Turner & Townsend ICMS 2017

New York and San Francisco have taken over Zurich, Switerzland, as the most expensive cities in which to build, according to a new study that also shows the global effects of a shortage of construction labor.

Construction costs in New York are set to rise by 3.5 per cent over 2017, reflecting a major influx of real estate investment and surge in construction activity, according to the survey by professional services company Turner & Townsend. The International Construction Market Survey 2017 analyzes input costs – such as labor and materials – and charts the average construction cost for commercial and residential projects in 43 markets around the world.

Average costs in New York have hit $354 per square foot followed by San Francisco at $330 per square foot. Two other U.S. cities made the top ten: Seattle at $280 per square foot and Houston at $233 per square foot. In addition, construction price inflation in San Francisco and Seattle is forecast at 5 percent for the next twelve months – outstripping both a global average of 3.5 percent and national consumer price inflation.

In total, 58 percent of cities assessed by the study are identified as "warm, hot or overheating" – where the market is characterized by a high number of projects and intense competition for physical resources and labor that drives up prices.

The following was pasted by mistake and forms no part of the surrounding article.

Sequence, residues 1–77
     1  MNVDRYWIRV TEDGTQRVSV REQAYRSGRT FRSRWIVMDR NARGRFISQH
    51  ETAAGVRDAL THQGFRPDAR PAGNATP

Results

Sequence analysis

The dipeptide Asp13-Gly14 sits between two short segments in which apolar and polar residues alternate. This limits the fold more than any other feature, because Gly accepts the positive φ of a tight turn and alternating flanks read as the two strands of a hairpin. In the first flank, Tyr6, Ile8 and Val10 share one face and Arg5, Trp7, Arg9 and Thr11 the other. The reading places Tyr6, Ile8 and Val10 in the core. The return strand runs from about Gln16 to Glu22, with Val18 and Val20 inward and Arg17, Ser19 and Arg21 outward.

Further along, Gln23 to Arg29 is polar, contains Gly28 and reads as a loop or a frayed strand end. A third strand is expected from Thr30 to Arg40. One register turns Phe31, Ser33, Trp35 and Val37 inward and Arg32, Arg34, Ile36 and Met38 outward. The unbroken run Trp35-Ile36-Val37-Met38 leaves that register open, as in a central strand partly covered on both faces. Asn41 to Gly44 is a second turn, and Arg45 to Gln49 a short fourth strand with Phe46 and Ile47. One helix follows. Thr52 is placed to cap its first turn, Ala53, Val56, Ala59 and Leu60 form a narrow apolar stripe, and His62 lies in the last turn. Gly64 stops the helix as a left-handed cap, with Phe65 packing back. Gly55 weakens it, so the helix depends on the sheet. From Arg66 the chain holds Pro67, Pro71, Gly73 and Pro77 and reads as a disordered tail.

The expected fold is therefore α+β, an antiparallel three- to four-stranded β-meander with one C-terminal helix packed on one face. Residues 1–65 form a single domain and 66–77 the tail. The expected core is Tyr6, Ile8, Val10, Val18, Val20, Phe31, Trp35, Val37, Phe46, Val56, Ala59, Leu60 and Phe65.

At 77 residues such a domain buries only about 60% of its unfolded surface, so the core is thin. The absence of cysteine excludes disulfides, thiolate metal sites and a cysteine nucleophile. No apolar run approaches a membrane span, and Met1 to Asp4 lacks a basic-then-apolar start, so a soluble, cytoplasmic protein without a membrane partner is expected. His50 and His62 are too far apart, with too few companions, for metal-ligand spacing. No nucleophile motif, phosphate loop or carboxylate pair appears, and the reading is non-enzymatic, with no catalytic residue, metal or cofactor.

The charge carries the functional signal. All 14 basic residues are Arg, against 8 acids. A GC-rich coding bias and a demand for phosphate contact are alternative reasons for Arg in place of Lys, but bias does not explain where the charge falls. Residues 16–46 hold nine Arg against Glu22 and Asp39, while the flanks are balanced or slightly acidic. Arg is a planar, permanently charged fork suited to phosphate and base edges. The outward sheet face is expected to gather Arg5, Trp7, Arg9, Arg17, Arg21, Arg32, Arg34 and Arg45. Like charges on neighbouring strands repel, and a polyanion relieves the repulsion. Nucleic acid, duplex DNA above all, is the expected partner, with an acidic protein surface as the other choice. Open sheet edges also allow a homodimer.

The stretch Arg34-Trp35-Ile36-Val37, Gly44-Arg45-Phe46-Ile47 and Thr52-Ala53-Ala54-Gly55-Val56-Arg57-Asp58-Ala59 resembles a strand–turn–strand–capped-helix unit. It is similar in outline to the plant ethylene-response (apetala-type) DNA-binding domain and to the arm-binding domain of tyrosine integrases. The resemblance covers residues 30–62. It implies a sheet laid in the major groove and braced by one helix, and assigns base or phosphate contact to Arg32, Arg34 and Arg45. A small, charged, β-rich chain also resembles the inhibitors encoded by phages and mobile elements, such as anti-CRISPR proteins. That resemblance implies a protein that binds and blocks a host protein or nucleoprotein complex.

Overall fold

Of the U.S. cities surveyed Seattle is categorized as overheating, while New York and San Francisco are considered hot. In the case of New York, Turner & Townsend points to major foreign real estate investment as contributing to the city’s boom in construction spending – which hit an all-time high of $42 billion in 2016.

North America has the highest labor costs of all the regions assessed within Turner & Townsend’s report –with average construction wages hitting $100 per hour in New York. This comes in the context of a global skills shortage for construction, with over half (24) of the 43 markets analyzed reporting labor shortages compared to 20 markets in 2016.

“In stark contrast to conditions in many other global regions, most U.S. cities are seeing a major construction boom – with investment in New York particularly hitting new highs and both San Francisco and Seattle set to see above country average inflation this year at 5 per cent price," says John Robbins, managing director USA, Turner & Townsend. “In common with the majority of developed economies, U.S. construction continues to suffer from an acute skills shortage which is driving up labor costs."